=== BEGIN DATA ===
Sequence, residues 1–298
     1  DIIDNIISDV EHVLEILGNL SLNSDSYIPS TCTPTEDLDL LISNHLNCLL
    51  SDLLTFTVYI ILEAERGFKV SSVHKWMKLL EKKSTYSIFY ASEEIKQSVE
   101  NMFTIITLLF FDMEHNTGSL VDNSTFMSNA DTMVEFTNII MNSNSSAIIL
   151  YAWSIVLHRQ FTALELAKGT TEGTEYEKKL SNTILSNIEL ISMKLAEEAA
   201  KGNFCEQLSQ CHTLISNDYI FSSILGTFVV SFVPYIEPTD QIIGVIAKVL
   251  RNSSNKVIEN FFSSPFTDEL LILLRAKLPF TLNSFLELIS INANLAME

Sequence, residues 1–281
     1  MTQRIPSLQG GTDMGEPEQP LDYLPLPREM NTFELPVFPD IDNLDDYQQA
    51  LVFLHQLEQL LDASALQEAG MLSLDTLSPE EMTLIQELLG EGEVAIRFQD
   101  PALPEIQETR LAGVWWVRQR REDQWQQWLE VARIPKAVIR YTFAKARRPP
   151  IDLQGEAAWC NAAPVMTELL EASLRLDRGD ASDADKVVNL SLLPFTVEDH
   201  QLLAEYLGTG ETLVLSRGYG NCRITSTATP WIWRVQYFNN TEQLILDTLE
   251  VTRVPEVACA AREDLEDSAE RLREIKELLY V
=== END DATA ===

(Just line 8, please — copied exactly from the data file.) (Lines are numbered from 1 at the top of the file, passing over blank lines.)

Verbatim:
Sequence, residues 1–281